“Petar loved to nurture the talent of others both through showcasing emerging artists from San Diego and Mexico in cross-border shows at Flux and in his teaching,” Miracle said.
Mr. Perisic was born June 8, 1966, in Serbia to Milojko and Emilija Perisic. The family, including an older brother, moved to the United States in 1969 and settled in a Cleveland suburb. He earned bachelor's and master's degrees in architecture from Ohio State University.
Although their father was an architect, Milan “Mick” Perisic said his brother did not express an interest in architecture as a career until after their father's death.
Mr. Perisic moved to San Diego in 1993 after visiting a friend in Pacific Beach. He worked for Stu Segall Productions as an assistant to the art director until he established his own architectural firm, Perisic Design Studio.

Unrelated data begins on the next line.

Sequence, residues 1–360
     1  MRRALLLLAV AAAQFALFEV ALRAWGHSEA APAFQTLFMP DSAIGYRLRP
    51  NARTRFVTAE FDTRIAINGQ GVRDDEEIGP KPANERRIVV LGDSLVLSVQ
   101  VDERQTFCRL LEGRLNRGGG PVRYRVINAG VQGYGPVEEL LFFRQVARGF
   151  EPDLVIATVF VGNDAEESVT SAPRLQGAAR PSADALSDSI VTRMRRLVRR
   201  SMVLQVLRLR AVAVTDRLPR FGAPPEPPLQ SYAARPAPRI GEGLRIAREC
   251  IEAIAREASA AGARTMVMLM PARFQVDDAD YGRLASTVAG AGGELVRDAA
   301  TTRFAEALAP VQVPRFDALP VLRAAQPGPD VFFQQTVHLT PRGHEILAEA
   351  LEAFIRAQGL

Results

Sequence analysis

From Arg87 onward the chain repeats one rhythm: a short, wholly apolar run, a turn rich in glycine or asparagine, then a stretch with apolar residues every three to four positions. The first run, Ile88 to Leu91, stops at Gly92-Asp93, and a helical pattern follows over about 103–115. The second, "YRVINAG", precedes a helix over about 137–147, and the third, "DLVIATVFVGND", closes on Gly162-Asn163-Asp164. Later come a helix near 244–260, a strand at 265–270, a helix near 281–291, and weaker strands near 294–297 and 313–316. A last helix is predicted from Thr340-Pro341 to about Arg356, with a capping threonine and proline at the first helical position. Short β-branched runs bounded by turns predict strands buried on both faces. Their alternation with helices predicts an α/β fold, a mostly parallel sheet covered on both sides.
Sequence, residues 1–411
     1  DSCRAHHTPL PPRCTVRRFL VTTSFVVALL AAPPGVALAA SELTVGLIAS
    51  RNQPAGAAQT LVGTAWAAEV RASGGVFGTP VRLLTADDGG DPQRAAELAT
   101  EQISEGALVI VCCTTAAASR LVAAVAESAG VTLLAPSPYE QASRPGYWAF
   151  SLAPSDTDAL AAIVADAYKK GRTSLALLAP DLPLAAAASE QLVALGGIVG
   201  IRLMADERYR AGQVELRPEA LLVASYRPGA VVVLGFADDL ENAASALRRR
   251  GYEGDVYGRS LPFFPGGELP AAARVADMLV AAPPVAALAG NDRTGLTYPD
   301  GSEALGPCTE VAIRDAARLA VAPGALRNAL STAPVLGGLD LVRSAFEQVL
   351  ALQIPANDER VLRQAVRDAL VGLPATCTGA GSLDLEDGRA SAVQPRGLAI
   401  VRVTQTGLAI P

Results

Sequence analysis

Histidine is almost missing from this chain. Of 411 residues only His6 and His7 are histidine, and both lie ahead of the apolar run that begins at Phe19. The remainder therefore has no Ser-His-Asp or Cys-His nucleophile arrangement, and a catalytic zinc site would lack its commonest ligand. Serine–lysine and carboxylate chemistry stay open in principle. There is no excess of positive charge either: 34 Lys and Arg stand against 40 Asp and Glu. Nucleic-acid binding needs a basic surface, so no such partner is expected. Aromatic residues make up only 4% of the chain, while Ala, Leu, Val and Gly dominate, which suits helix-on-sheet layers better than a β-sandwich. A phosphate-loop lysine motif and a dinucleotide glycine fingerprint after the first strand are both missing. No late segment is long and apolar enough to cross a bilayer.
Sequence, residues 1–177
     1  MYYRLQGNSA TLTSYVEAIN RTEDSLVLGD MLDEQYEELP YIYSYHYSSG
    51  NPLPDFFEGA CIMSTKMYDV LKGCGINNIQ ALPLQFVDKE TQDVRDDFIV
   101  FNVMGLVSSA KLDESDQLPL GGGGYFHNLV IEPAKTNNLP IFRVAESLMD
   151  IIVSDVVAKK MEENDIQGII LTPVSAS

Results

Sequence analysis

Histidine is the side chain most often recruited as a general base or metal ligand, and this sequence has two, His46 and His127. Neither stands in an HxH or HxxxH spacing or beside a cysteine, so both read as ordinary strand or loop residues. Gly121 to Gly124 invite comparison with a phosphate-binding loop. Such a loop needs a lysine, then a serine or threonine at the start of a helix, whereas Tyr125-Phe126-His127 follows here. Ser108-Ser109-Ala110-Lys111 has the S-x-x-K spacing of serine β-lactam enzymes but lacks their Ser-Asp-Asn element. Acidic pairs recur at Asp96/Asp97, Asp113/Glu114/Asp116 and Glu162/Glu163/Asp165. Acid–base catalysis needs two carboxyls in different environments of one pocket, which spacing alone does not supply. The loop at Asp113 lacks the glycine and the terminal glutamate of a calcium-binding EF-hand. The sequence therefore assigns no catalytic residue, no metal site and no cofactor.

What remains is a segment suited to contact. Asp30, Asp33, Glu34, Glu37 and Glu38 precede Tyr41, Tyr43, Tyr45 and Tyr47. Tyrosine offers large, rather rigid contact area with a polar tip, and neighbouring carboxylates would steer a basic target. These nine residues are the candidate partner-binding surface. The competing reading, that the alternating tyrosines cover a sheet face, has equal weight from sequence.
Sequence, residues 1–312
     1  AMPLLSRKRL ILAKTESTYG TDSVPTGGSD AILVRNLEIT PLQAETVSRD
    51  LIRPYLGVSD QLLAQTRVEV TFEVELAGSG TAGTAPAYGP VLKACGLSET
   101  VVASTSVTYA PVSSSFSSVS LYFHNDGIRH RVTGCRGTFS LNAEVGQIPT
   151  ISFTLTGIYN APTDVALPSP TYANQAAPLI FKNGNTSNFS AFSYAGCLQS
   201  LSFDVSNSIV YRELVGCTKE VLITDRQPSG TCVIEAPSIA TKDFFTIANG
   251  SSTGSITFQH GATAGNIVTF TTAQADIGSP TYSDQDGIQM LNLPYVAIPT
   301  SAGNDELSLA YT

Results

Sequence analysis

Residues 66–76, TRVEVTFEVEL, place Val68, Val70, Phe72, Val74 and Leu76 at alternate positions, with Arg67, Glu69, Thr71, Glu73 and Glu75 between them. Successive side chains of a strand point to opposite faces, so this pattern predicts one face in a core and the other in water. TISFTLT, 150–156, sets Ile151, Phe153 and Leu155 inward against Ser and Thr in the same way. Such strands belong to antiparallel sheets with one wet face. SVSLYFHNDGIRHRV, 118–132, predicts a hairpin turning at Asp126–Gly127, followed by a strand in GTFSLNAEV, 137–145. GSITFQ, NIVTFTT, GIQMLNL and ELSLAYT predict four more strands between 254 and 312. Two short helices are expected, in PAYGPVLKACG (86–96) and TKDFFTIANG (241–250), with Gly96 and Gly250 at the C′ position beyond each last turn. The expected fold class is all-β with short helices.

He married Suzanne Stephens in 1998. The couple wed in Cleveland in one of the three Serbian Orthodox churches designed by his father.
His local works include a unique housing project in the heart of Hillcrest in which each unit is a hybrid of a loft and townhouse.
“It's a condominium project where the (five) units intertwine like branches on a tree. No single unit can stand on its own,” Miracle said of the project, which is under construction and known as the 5x5 lofts.
Mr. Perisic is survived by his wife, Suzanne of San Diego; his brother, Milan; and mother, Emilija Perisic of Cleveland.
He was buried Oct. 8 in Cleveland. A memorial will be held locally at a later date.